In recent years, there have been numerous forks on a variety of different cryptocurrencies. An Ethereum fork is one of the most famous. Whilst cryptocurrencies were less popular before the bull run of 2017, a controversial hard fork took place creating Ethereum Classic. This is the history of Ethereum forks.
What is a fork?
There are two different versions of forks in cryptocurrencies. A hard fork and a soft fork.
A hard fork is a more substantial issue. When a hard fork takes place there can be a split in a blockchain if there isn’t consensus. The hard fork will cause all older versions of the blockchain to be invalid. However, people can still choose to run the older software if they do not agree with the hard fork decision, i.e. the hard fork didn’t achieve consensus amongst the community and miners.
This can lead to the creation of a new cryptocurrency, as happened when Ethereum hard forked and Ethereum Classic was created.
Hard forks can also be used to upgrade the software on a blockchain. If this upgrade has the consensus of the community and the miners then there will be no split on the blockhain. Hard forks are generally avoided though as they can often be risky and, without consensus, can cause a plethora of issues.
Soft forks are more subtle and still allow older versions of the blockchain to work with the new one.
The DAO event
The Decentralised Autonomous Organisation was a feather in the cap of a young Ethereum. Many of the early investors of Ethereum lined up to provide further capital to the DAO. The idea behind the project was that the DAO would disperse funds to various different Ethereum projects.
There was no leader behind the DAO or a board of directors. The hype behind the project was very much real though. During the crowdfunding stage, 14% of all the Ethereum tokens in circulation were held up in it from more than 11,000 investors.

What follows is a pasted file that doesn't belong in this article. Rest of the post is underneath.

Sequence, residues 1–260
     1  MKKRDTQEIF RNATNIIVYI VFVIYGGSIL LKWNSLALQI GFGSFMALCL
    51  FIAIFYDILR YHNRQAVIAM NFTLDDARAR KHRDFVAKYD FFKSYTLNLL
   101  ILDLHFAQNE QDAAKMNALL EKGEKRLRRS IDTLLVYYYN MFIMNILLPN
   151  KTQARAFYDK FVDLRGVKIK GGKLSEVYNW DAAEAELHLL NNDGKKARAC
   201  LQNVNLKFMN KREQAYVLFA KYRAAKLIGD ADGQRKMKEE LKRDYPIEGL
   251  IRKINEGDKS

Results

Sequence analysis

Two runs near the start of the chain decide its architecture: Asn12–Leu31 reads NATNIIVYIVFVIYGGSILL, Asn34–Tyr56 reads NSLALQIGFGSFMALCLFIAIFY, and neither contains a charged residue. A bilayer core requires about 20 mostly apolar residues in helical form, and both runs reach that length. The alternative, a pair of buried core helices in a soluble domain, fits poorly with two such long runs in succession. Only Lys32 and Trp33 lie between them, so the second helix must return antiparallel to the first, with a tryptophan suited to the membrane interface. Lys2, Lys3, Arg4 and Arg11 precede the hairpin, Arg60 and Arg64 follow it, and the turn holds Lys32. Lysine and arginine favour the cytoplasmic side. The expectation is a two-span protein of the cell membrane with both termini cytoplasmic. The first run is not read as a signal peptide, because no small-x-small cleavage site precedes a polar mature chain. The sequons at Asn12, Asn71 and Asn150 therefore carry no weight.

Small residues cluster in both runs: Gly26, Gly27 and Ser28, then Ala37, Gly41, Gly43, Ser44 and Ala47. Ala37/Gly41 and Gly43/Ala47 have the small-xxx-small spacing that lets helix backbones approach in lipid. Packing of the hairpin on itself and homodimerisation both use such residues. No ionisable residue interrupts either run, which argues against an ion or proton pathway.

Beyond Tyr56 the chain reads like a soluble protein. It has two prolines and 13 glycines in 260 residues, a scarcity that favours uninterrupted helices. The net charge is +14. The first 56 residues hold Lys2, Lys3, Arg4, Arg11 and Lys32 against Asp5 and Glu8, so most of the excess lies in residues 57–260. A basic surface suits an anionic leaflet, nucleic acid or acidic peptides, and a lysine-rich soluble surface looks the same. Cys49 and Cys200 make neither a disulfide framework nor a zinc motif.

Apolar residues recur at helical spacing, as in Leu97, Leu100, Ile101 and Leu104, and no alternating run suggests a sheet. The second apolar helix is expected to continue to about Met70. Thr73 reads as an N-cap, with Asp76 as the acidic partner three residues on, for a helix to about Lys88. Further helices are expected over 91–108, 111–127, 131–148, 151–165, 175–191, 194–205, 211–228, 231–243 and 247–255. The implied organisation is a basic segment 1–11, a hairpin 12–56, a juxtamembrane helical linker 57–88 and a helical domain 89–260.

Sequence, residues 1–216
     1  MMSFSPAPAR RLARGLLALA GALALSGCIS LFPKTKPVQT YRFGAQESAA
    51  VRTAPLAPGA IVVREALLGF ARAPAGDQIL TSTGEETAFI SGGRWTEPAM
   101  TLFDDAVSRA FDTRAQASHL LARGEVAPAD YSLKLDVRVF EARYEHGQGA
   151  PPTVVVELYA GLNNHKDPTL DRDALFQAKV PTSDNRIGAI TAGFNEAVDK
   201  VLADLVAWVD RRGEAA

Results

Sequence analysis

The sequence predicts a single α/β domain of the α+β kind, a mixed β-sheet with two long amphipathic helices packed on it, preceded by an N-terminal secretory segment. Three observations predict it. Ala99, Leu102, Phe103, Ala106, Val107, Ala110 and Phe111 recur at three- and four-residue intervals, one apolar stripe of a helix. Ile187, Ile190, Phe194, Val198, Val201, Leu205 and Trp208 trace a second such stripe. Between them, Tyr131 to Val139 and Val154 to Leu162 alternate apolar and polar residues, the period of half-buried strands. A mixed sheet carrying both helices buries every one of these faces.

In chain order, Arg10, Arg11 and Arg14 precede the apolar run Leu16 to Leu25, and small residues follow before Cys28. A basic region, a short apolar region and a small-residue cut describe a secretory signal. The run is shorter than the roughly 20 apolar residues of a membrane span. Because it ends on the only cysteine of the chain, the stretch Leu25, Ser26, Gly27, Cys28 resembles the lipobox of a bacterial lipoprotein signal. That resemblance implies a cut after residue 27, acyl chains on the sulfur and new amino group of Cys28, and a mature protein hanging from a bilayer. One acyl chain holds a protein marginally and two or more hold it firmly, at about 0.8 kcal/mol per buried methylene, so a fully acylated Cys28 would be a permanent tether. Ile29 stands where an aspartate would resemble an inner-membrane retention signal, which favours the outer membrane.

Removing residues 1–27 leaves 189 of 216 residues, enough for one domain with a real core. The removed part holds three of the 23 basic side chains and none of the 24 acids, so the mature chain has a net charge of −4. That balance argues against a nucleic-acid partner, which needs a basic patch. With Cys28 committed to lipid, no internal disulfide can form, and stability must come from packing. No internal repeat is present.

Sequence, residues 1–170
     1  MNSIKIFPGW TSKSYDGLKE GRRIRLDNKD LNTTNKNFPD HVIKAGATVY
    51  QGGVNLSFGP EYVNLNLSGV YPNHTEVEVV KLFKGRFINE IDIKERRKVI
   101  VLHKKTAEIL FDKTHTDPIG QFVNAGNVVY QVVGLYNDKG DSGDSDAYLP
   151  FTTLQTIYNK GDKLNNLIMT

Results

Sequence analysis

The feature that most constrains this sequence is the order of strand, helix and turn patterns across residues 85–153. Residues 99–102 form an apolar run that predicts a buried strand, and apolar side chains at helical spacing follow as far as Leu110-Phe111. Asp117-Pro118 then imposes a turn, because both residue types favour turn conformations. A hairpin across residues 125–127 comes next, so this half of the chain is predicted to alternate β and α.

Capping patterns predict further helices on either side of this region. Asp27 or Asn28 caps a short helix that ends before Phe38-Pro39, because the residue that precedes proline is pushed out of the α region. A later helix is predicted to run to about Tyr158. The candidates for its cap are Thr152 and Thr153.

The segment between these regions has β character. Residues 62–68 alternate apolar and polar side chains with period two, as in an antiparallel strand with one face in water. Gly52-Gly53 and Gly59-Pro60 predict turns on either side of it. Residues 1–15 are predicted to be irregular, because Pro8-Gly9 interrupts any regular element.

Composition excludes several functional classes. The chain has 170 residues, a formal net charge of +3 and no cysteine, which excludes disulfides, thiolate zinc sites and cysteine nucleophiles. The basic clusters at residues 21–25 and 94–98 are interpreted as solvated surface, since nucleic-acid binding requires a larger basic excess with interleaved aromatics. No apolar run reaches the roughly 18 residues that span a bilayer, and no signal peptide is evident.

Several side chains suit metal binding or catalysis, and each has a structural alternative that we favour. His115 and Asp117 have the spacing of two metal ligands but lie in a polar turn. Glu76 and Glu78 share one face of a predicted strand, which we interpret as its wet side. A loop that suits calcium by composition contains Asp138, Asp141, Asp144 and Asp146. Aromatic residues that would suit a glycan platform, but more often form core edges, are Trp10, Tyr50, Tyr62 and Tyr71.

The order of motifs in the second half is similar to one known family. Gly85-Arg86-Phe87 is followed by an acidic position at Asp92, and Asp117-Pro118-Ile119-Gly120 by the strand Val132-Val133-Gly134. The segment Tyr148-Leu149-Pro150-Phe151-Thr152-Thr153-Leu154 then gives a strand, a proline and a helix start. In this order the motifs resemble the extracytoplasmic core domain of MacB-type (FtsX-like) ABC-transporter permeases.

However, when the project went live things turned sour. Despite some people highlighting what they suspected to be flaws in the underlying code of the DAO, the reaction from the community was not quick enough and 3.6 million ETH was stolen. This was around a third of all of the Ethereum held by the project.
This event led to some deep soul searching within the community. Should Ethereum hard-fork and reverse the transaction, thereby giving money back to the people who lost but at the same time reneging on the supposed blockchain immutability? Or should they continue to plow on as normal?
Eventually the decision was made and Ethereum hard-forked. However, this wasn’t without consensus and many continued to support the old chain which is now known as Ethereum Classic.
The hard fork of Ethereum, like many other hard forks to follow, is still a controversial topic to some. Some Bitcoiners have accused Buterin of bailing out his friends and colleagues with the hard fork, a claim Buterin strongly denies.
Ethereum fork upgrades
There have been other forks on the Ethereum network that have achieved consensus and are akin to an upgrade. One such fork was Constantinople which took place after some delay. Constantinople lowered the block reward and made some further improvements under the hood. The upgrade was completed via a hard fork but there was no split in consensus.
In 2017, there was another hard fork called Byzantium that made upgrades to the Ethereum network via a hard-fork with consensus. The key for these upgrades is consensus within the community and miners to ensure that the hard fork goes smoothly, without any splits.
Ethereum will continue to hard-fork into the future but it is less likely that there will be a split as was the case with the DAO event. With Ethereum being much more popular nowadays, the risks of poor code entering the system are much greater. One would hope that this means before any upgrades go live on the system they have been fully tested and are known to work.
Ethereum still has ambitious plans for the future and forking is going to be their way to get there.